written by Dana Herron
February is, as you may have heard, American Heart Month. In honor of this growing and important awareness month, we've asked Dr. Forrest Smith MD to outline the heart, it's factors, and how to prevent negative outcomes at home.
A weekend seminar on the subject of The Healing Touch will be held at CaraVita's offices on the weekend days of Feb. 21 and 22, as presented by Healing Touch Spiritual Ministries. Interested in learning more about the course? Email Theresa Dean at email@example.com or visit their website by clicking here.
Exercise is an essential part of overall health, but even the most motivated among us can be discouraged by this cold weather. It is much easier to stay in by the warm fire, but continuing your exercise routine year round is important for your heart health
The ice is melting, and we have all run out of wine! On your next trip to the grocery store, keep in mind that while it is not recommended to take up drinking, if you already do, red wine can possibly have heart healthy benefits. According to the Mayo Clinic, red wine, in moderation, contains antioxidants that may help prevent heart disease by increasing levels of "good" cholesterol and protecting against artery damage.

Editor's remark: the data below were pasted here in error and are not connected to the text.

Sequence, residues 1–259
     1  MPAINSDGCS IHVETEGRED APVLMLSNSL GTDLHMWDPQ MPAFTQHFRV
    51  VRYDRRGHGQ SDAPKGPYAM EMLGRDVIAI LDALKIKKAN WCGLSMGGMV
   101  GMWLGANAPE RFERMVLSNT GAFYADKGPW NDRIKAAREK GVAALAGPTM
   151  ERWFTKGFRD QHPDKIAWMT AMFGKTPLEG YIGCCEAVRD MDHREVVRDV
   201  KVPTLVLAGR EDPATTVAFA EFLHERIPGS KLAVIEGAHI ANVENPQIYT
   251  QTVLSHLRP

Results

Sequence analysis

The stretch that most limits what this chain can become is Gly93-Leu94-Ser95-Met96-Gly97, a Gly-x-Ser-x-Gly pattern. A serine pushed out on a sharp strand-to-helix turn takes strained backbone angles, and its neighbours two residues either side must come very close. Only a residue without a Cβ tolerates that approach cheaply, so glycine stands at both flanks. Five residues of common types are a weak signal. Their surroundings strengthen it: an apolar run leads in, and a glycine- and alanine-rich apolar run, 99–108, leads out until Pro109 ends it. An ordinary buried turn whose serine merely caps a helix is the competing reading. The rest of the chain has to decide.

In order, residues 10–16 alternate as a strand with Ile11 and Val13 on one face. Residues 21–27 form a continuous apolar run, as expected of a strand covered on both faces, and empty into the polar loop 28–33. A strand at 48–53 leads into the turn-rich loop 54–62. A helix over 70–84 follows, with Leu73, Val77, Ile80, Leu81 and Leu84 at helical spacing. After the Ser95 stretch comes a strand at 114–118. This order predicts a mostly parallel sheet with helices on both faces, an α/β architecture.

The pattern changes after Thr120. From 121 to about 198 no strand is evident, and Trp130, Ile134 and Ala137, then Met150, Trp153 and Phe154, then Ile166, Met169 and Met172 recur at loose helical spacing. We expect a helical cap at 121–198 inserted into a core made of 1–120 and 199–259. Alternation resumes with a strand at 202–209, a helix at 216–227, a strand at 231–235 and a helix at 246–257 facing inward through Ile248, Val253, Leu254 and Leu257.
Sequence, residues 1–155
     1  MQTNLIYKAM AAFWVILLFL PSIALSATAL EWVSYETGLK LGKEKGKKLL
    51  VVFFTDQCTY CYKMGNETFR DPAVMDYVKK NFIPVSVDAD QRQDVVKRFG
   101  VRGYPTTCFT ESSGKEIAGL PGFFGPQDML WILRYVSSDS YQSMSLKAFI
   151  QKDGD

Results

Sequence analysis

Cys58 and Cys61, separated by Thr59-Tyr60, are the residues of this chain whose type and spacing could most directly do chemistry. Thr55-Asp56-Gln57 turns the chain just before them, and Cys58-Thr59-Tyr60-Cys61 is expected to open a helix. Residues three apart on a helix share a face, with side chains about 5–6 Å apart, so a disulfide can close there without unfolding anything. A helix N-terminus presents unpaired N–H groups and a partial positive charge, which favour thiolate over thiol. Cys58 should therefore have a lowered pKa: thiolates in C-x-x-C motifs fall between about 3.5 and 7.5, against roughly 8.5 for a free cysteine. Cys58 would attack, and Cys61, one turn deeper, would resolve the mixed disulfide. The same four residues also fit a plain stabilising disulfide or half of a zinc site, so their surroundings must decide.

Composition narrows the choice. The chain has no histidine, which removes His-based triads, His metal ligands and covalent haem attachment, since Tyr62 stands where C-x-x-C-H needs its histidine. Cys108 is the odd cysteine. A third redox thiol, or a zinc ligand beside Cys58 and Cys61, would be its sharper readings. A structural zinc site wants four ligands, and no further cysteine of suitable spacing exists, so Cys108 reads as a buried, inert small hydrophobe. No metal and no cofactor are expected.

You may be searching your cupboards trying to piece together dinner tonight (if you are like us). Do you have some spare vegetables, chicken breast and flour? This list of ingredients is long, but maybe you can mix-and-match your pantry to create a heart healthy version of the American Heart Association's Chicken Pot Pie:
As Atlanta locks down and prepares for the snow and ice, we need to be aware of the risks associated with the cold weather. Our older residents and those with heart disease are particularly at risk. As we age, our ability to to maintain a normal body temperature decreases. If you have cardiovascular disease, talk with your doctor before exerting yourself in cold weather. Even walking through heavy, wet snow can strain a person's heart.
In anticipation of this week's inclement weather, we are going to turn to a study and advice from the United Kingdom on "Keep Warm, Keep Well".